Effects of Four Pyrethroids on Scale Insect (Homoptera) Populations and Their Natural Enemies in Loblolly and Shortleaf Pine Seed Orchards


Source: Journal of Economic Entomology, Volume 85, Number 4, August 1992 , pp. 1246-1252(7)

Publisher: Entomological Society of America

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A loblolly pine, Pinus taeda L., seed orchard in Georgia received five applications of bifenthrin, fenvalerate, esfenvalerate, and perrnethrin in 1988 and 1989, and a shortleaf pine, P. echinata Miller, seed orchard in Oklahoma was treated five times in 1988 with the same insecticides, excluding perrnethrin. Infestations of striped pine scale, Toumeyella pini (King), and the mealybug Oracella acuta (Lobdell) appeared at the Georgia orchard after the third 1988 applications. Bifenthrin plots generally had numerically lower infestation levels than did plots treated with the other pyrethroids, and numbers oflive females in the bifenthrin plots were not significantly different from numbers in unsprayed plots. In 1989, a moderate striped pine scale infestation continued, mealybugs were scarce, and an outbreak of Pseudophilippia quaintancii Cockerell began. Bifenthrin plots again had lower numbers of scale insects than the other insecticide-treated plots. A severe outbreak of pine tortoise scale, Toumeyella paroicornis (Cockerell), began after two insecticide applications at the Oklahoma orchard. By September, populations were lowest in control plots, intermediate in bifenthrin plots, and highest in plots treated with the other insecticides. In June 1989, heavy infestations were still present, even though spraying had been discontinued. By the end of July, the populations had collapsed, apparently as a result of natural enemies and intraspecific competition. Large numbers of the parasites Metaphycus spp. and Coccophagus spp. were collected from old-growth foliage, whereas more predators were reared from new growth. Parasitism rates were low in both orchards during the months of the spray applications. Unsprayed plots generally had more spiders than had treated plots, and fenvalerate plots had fewer lacewings.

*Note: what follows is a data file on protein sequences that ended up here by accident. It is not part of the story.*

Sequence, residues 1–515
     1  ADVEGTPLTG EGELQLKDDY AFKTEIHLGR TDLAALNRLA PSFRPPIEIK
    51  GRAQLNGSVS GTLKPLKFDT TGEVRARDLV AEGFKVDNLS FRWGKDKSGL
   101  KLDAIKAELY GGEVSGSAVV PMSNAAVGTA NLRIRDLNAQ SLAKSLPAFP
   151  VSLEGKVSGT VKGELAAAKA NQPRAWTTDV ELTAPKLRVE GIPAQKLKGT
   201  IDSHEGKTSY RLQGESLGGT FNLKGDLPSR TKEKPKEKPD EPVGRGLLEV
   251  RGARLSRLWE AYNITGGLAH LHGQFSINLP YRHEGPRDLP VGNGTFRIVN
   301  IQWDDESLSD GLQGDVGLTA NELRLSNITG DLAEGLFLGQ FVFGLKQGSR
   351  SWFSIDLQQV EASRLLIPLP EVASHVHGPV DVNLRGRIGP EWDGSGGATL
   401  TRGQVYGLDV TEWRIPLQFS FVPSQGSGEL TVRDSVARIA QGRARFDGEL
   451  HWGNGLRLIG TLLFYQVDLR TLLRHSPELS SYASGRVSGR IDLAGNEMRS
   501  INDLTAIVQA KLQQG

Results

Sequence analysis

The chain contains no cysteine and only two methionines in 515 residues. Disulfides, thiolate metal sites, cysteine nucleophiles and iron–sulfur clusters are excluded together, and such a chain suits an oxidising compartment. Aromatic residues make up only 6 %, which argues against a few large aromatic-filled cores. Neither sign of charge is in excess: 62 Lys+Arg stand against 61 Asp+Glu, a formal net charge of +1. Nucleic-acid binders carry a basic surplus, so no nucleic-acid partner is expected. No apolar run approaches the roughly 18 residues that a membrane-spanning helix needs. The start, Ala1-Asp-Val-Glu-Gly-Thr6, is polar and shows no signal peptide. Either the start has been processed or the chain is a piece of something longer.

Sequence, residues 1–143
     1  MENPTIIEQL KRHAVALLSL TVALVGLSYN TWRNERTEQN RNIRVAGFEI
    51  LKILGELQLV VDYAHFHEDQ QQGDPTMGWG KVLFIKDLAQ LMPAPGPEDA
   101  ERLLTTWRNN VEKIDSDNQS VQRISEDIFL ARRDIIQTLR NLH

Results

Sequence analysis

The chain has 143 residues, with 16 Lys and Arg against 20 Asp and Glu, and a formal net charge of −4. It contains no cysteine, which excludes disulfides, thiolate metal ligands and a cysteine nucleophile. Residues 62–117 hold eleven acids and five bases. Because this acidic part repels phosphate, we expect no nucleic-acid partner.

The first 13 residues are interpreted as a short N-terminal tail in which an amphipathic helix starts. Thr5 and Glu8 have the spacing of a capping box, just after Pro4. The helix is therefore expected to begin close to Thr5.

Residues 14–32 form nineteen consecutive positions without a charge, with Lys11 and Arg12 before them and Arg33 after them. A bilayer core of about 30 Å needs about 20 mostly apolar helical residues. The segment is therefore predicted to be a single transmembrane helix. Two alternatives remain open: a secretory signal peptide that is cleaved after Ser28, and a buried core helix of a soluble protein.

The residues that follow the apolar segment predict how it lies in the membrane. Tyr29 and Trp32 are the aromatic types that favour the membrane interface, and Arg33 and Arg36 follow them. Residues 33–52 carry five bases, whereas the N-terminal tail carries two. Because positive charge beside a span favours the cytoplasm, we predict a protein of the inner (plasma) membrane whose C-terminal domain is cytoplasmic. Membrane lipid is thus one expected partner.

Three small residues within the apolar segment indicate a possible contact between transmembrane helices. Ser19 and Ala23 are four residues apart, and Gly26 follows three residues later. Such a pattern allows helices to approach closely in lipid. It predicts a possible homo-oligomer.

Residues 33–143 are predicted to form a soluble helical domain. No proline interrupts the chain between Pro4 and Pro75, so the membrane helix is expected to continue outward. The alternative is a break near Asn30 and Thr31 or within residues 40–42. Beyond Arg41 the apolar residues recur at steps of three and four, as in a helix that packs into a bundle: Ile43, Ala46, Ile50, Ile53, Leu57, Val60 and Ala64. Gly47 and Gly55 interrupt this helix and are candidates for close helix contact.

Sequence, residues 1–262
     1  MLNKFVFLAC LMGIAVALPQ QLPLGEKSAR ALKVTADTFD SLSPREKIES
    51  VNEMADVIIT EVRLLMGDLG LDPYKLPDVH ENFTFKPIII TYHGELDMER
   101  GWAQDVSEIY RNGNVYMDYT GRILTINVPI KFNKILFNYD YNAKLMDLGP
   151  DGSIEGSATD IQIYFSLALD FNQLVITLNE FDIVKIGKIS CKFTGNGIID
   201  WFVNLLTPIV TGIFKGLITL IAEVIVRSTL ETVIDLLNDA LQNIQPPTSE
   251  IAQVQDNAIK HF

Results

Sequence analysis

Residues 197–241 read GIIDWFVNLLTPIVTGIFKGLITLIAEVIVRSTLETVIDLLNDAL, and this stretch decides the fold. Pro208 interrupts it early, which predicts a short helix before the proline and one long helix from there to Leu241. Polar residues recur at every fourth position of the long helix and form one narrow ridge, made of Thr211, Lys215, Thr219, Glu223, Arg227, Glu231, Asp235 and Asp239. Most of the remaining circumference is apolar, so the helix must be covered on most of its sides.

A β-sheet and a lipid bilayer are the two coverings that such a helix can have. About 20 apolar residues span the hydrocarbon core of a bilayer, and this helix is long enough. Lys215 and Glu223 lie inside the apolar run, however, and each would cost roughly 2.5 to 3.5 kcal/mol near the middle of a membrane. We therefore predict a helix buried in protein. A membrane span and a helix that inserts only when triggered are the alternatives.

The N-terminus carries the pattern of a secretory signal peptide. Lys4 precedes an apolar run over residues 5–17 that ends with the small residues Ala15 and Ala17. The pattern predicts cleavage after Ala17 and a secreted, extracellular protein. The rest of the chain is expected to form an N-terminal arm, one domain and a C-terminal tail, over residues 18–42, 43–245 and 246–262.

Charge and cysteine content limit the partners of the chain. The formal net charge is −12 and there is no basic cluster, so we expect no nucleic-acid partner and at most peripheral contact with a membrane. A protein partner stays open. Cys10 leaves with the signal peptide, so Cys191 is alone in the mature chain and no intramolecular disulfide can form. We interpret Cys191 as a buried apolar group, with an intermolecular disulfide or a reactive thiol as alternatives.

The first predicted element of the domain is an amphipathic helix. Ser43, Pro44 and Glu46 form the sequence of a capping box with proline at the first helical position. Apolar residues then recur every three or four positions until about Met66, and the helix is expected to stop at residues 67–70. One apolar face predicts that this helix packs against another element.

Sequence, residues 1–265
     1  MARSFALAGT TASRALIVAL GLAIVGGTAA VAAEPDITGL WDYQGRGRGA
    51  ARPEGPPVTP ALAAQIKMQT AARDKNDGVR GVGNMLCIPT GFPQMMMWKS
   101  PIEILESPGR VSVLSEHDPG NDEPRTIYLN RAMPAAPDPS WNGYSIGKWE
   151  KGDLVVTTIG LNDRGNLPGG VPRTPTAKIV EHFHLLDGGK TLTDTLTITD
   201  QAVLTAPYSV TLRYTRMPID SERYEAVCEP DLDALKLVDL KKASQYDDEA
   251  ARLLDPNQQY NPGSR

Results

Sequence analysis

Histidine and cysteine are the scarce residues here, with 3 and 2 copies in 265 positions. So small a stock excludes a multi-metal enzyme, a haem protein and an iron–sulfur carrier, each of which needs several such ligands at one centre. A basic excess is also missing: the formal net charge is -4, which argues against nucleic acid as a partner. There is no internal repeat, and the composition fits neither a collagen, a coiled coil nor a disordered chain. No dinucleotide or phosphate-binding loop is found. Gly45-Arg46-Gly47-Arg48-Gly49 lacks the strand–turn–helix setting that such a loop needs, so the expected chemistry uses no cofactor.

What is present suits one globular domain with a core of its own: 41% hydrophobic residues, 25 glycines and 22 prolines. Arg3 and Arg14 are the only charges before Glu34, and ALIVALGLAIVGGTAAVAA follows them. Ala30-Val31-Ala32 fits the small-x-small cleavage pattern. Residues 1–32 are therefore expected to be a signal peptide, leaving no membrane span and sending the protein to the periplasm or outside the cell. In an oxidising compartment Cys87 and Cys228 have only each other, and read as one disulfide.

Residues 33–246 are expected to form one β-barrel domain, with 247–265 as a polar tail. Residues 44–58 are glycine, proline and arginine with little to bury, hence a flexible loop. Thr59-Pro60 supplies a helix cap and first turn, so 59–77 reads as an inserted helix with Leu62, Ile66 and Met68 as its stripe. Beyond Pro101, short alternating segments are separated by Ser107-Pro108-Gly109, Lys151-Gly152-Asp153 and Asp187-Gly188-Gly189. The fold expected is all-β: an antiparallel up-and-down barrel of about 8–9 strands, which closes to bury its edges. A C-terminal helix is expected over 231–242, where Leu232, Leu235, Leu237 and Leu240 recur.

Document Type: Research Article

Publication date: August 1, 1992

More about this publication?
  • Journal of Economic Entomology is published bimonthly in February, April, June, August, October, and December. The journal publishes articles on the economic significance of insects and is divided into the following sections: apiculture & social insects; arthropods in relation to plant disease; forum; insecticide resistance and resistance management; ecotoxicology; biological and microbial control; ecology and behavior; sampling and biostatistics; household and structural insects; medical entomology; molecular entomology; veterinary entomology; forest entomology; horticultural entomology; field and forage crops, and small grains; stored-product; commodity treatment and quarantine entomology; and plant resistance. In addition to research papers, Journal of Economic Entomology publishes Letters to the Editor, interpretive articles in a Forum section, Short Communications, Rapid Communications, and Book Reviews.
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